Mecklenburg County plans to end its temporary housing program that shelters former residents of a tent encampment that once sat just north of uptown.
During this week’s Tuesday Morning Breakfast Forum, Mecklenburg County Manager Dena Diorio said that since moving more than 200 encampment residents to two local hotels, roughly 80 have been connected with housing or decided to leave, and 125 remain who would otherwise be homeless.
“We are going to keep the hotels open until the end of September,” Diorio said. “At that point, we’ll have to see who is left, what their needs are, and where we may need to go from there.”
Why it matters
According to the Charlotte-Mecklenburg Housing & Homelessness Dashboard, an estimated 3,298 people were experiencing homelessness in Mecklenburg County as of March 31.
Seventy-six percent of those homeless in the county were Black, according to the data. That total also included 393 households with children.
The already prominent issue of homelessness and housing insecurity in Charlotte was exacerbated by the onslaught of the Covid-19 pandemic, which led to calls for city officials to act with urgency as the unsheltered population and tent city began to swell.
By the numbers
In February, the Mecklenburg health department issued an abatement order for the encampment, citing rat infestation and worsening air quality caused by cooking fires.
Hours before the eviction went into effect, the county moved more than 200 people to local hotels, where they got meals, laundry, security and social services, Diorio says.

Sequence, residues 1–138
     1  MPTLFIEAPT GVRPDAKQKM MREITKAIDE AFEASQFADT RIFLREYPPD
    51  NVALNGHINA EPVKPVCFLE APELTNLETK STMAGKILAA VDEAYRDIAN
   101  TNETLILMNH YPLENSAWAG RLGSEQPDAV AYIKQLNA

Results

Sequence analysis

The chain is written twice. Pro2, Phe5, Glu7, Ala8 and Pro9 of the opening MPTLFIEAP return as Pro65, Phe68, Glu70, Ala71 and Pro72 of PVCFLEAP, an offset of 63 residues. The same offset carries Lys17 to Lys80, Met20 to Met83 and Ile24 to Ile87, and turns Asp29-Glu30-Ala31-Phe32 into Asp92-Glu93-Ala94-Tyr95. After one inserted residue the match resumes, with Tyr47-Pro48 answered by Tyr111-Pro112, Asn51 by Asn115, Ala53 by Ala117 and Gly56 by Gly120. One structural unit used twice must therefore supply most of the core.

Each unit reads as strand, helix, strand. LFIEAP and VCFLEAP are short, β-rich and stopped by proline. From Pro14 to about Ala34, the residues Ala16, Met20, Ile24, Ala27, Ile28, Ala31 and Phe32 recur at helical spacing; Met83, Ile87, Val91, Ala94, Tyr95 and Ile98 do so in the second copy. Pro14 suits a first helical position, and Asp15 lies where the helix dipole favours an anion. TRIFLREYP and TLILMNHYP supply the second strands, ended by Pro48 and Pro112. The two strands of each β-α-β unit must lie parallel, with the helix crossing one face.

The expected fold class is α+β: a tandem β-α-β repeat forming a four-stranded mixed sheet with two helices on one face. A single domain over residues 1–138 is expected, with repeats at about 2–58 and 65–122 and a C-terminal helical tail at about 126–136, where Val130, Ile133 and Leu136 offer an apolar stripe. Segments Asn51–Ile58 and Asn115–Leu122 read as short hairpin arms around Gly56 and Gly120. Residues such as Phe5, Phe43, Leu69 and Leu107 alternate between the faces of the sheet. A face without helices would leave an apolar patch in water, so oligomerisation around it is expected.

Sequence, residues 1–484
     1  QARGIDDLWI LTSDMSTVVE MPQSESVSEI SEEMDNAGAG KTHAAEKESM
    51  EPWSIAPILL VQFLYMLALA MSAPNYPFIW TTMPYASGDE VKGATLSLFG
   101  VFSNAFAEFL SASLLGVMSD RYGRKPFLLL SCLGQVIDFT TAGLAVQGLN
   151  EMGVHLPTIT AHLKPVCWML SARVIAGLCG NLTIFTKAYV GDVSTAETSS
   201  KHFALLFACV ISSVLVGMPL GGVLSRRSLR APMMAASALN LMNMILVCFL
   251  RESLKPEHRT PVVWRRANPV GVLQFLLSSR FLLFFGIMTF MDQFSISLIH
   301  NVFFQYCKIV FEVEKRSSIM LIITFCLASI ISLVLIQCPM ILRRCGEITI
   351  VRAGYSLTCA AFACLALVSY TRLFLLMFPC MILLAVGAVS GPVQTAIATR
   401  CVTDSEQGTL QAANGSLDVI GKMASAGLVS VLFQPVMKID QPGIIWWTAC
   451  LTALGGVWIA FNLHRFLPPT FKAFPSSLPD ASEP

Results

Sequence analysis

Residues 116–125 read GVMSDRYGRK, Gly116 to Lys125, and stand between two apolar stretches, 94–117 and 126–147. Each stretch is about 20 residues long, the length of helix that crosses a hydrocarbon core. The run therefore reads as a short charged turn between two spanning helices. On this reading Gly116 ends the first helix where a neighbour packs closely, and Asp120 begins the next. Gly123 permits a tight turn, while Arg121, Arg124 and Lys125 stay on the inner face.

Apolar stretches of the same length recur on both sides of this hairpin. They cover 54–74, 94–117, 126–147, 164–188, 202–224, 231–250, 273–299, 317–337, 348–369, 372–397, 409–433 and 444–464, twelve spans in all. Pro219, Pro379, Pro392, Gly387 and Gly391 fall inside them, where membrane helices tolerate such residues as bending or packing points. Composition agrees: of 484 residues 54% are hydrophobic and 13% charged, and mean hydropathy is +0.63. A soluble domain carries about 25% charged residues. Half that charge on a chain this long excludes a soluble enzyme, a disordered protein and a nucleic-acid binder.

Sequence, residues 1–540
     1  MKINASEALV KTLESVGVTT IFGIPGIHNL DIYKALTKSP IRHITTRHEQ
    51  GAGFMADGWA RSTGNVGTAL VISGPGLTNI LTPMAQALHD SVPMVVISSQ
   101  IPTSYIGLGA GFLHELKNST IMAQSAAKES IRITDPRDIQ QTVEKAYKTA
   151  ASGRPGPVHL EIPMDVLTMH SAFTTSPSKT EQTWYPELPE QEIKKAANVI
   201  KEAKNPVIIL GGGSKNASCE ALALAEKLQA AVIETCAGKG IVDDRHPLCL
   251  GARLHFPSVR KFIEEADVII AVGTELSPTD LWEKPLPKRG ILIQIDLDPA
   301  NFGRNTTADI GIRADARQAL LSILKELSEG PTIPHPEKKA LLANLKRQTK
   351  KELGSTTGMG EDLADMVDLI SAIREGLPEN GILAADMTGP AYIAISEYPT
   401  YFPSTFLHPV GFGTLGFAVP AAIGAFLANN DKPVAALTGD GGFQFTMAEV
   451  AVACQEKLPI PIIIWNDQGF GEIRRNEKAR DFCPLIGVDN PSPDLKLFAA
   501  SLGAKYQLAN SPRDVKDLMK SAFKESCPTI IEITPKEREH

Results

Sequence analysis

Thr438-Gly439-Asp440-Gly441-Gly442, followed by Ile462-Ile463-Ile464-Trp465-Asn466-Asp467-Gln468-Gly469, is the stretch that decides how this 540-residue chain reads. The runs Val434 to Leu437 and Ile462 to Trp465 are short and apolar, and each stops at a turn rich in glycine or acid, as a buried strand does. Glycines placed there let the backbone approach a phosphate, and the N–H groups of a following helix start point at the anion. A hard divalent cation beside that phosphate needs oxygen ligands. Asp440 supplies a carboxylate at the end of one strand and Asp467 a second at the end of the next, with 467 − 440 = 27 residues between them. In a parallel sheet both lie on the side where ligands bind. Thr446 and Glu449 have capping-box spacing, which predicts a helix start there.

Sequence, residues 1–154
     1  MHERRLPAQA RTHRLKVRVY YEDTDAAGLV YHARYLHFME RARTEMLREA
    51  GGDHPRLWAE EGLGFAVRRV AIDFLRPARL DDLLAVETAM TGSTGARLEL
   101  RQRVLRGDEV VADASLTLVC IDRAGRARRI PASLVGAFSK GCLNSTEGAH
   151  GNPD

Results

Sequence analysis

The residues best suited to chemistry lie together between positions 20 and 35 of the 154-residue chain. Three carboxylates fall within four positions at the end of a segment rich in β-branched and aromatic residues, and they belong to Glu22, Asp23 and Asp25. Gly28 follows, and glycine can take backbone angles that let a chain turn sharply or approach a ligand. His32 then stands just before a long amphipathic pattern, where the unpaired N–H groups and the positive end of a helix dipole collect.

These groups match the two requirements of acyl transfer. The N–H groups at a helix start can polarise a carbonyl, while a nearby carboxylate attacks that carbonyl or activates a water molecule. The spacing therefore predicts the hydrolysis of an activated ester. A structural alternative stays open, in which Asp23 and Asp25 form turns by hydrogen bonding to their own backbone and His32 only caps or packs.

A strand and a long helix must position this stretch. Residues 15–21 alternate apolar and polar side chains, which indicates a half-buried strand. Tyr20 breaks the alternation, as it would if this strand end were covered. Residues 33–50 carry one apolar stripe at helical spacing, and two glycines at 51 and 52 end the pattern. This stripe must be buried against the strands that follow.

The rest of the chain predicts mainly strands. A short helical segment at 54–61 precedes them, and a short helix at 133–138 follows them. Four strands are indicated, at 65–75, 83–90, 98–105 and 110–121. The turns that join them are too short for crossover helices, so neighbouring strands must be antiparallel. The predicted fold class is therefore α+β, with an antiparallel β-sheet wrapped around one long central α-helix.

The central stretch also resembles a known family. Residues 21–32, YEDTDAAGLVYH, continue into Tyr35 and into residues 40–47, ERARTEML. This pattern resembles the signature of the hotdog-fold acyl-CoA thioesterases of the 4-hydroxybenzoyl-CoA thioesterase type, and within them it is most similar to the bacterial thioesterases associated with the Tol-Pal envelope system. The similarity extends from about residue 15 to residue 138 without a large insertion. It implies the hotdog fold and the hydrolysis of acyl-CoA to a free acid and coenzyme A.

With support from nonprofit organizations like Block Love Charlotte, Roof Above, and Hearts Beat As One, the homeless residents who moved to the hotels have had access to substance abuse and mental health counseling and workforce development opportunities.
Diorio says of the original 200-plus residents living at the hotels, 13 have permanent housing, 32 have been connected to housing resources, and 55 have been connected with job training and employment.
She added that the city of Charlotte, through a federally funded emergency solutions grant, contracted with United Way and Catholic Charities to provide housing for up to 75 of the homeless residents, along with a one-year rental subsidy and supportive services.
“These are folks with very low barriers to housing. These are not the folks with high needs,” said Diorio. “Catholic Charities does believe that there are about 40 guests in the hotels ready to access housing.”
While there have been some successes in this effort, Diorio said, the relocation effort has faced some challenges, including prostitution, drug use and criminal activity around the hotels.
She says seven guests have been moved to the county jail, 15 to emergency shelter, and 40 have left the hotels and “decided to be homeless. Three have died, she said, and the whereabouts of two are unknown.
“We are struggling a little bit,” Diorio said. “This is hard work; it’s been very hard work, and will continue to be hard work, but we’re going to continue to work with these folks.”